What Makes Short-Term Bonds Different from Long-Term Bonds?
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What Makes Short-Term Bonds Different from Long-Term Bonds?

What Makes Short-Term Bonds Different from Long-Term Bonds

When you buy a bond, your money goes toward helping the government pay for projects and programs. It also gives you a good return on your money with little risk. Just choose whether you want to buy long-term or short-term Treasury bonds.

Most of the time, the difference between long-term and also short-term Treasury bonds is how long it takes to get your money back. Treasury bonds settle interest every six months, and when the bond is paid off, the face value is given back to the owner.

For short-term Treasury bonds, the date they will be paid off is less than three years from the date they were bought. Medium-term bonds have terms of three to ten years, while long-term bonds have terms of more than ten years.

How to pick the most suitable Treasury bonds

First, decide if you need your money back by a certain date. If you’re investing money you’ll need in a few years; you should probably buy a short-term bond. But you could buy a long-term Treasury bond if you won’t need the money for 10 to 30 years.

The bonds offer an assured return on investment, so people who buy them can plan to use the money for things like a child’s college education or a house.

Is timing the only thing that separates short-term and long-term?

No, is the short answer. The main difference between short-term and long-term bonds is when they mature, but the different lengths of time also lead to other differences. For example, investors in short-term and long-term bonds face different kinds of risk.

Yung-Yu Ma, PhD, chief investment strategist at BMO Wealth Management, says that long-term bonds have more price risk or sensibility to interest rates. Because the money endued in the bond is locked up for a longer time, there is a greater possibility that interest rates will change significantly during the bond term.

Even though there is less price risk with short-term bonds, there is more reinvestment risk. “Short-term bonds mature fairly quickly, and when they do, investors risk losing money if they reinvest the money at the new market rates,” says Ma.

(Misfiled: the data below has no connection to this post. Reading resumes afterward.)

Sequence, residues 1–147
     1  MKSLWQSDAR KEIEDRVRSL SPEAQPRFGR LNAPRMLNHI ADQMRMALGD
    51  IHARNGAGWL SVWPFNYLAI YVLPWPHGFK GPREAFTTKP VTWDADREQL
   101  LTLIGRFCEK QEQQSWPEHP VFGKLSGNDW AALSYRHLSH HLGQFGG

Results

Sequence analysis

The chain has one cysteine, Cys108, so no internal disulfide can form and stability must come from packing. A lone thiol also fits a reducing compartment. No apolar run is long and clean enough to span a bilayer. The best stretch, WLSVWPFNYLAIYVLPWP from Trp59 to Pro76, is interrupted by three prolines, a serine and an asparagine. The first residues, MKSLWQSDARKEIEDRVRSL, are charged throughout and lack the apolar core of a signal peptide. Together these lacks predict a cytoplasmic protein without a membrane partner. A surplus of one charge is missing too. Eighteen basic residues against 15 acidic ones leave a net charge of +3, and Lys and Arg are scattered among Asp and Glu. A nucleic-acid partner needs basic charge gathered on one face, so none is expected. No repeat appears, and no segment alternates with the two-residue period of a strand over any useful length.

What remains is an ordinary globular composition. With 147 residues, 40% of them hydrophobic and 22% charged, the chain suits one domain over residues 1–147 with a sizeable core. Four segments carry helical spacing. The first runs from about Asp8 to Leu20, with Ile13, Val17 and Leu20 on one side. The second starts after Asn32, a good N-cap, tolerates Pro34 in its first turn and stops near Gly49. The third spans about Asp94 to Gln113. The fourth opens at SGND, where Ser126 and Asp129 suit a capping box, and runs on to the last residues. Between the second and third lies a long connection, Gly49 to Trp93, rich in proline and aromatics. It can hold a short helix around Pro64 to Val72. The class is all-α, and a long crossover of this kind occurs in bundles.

If interest rates are going up at the time, this reinvestment will work out well. But when interest rates go down, it’s not as good for investors to put their money back into the market. When interest rates change, the market price of long-term bonds may change, but investors who keep their bonds until they mature have “locked in a known yield for a longer period, so reinvestment risk is pushed far into the future,” says Ma.

What do long-term and short-term Treasury bonds yield?

One more difference between short-term and long-term Treasury bonds is the return on your investment. Treasury bills or T-bills are other names for short-term Treasury bonds due in less than a year. During the life of the bond, they don’t pay any interest. Instead, they are sold for less than what they are worth. The owner can turn it in for its full face value when the bond comes due. So, when you buy a Treasury bill at a discount, you know exactly how much you’ll earn when it matures: the difference between the face value and the discounted rate you paid for the bill.

Other Treasury bonds pay interest every six months equal to half of their “coupon rate.” For example, let’s say you have a 10-year, $10,000 Treasury note with a 2% coupon rate. The government will send you a payment of $100 every six months. When your note is due, you can get $10,000 for it.

When interest rates are high, these bonds sell for more than their face value. When interest rates are low, they sell for less than their face value. The amount you can expect to get back depends on the interest rate, how long it will be until the bond is paid off, and how much you paid for it.

How to select between long- and short-term investments

The right selection depends on how you feel about risk, what you want to achieve, and how long you have. It’s also smart to think about how interest rates are right now. “When interest rates are going up, short-term bonds tend to do better,” says Bryan Bibbo of The JL Smith Group in Avon, Ohio. “Since the opposite is true when interest rates go down, long-term bonds tend to do better.”

Long-term and short-term bonds can be important parts of a full investment portfolio for many people.

Treasury bonds are one of the secure investments you can make, whether short-term or long-term. Because the full power of the government backs the bonds, there isn’t much chance that you’ll lose the money you put into them.


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Written by Finance Guru

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